A couple of things that stand out to me here is the two weeks happy and then sadness. Some women really suffer from hormone changes each month. But usually antidepressants can help this. Now that being said drinking interferes with any good the antidepressants could be making. Also alcohol is a depressant.
Has she seen a doctor to talk about her mood swings. Has she considered them to be hormonal at all? She is the one unfortunately who needs to want to change all of this. She should seek out help from two professionals to start out with. Her ob/gyn doc and an addiction specialist to help with the addiction to Klonopin/alcohol.
Then there is the marital issues. She perceives you as controlling so maybe she is resisting the help you suggest. Have you considered counseling?
Just some thoughts on this I hope she finds the relief she needs to live a better quality life. If she won't go to counseling it may help you if you go alone. You can get some coping skills and maybe find ways to help her.
Kay
 
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An_240444 replied to Kayap's response:
Thanks Kay -
She had a hysterectomy last year so there are no monthly mood changes per se. We go to counseling together every week to discuss our issues - an outsider's perspective usually helps. We never get into the discussions about her alcohol abuse. I just need to her to want to take that 1st step and seek help. I made a big deal about the drinking this week and she has made an effort to cut back on the amount she drinks but she is unable to stop completely. I guess some progress is better than none at all. I am also on Lexapro for anxiety (I don't suffer from any depression) and I noticed that it causes an increase in my alcohol consumption. I've read in many places that this is the case for a lot of people. However, I'm able to just not drink if I don't want to. I try to only have a drink on the weekends or at dinner, etc.She doesn't have this self-control. I've explained to her that I'm not trying to control her - and that I'm only interested in her health and well being. She seems to be listening to me a little more as of late. We'll see how it goes. Thanks for your input!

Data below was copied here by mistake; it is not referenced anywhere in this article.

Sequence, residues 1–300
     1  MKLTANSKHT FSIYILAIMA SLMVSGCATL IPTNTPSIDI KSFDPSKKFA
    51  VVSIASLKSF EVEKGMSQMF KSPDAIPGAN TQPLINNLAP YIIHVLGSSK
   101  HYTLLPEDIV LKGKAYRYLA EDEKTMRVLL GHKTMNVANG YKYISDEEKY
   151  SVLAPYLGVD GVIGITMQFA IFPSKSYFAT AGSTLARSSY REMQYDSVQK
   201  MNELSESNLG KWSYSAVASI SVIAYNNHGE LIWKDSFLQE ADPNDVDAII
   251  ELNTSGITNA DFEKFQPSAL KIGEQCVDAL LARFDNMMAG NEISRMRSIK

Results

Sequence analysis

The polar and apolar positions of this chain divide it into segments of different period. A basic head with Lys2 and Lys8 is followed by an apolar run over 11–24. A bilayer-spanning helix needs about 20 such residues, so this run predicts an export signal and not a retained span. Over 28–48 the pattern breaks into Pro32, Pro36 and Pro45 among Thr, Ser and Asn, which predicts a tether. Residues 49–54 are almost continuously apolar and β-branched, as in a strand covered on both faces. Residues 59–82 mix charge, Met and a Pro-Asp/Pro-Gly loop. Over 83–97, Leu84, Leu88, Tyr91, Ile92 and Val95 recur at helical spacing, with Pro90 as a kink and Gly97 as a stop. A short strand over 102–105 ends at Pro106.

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Betty Ford Center
Sean Barlow, MD responded:
I feel for your situation and want you to know you are not alone.

Many people have gone through having a significant other become lost to addiction and/or psychiatric illness, and they have come out on the other side in a better place.

First, I would recommend you get involved with local Al-Anon groups. Also, many local chemical dependency programs will have family programs available to help.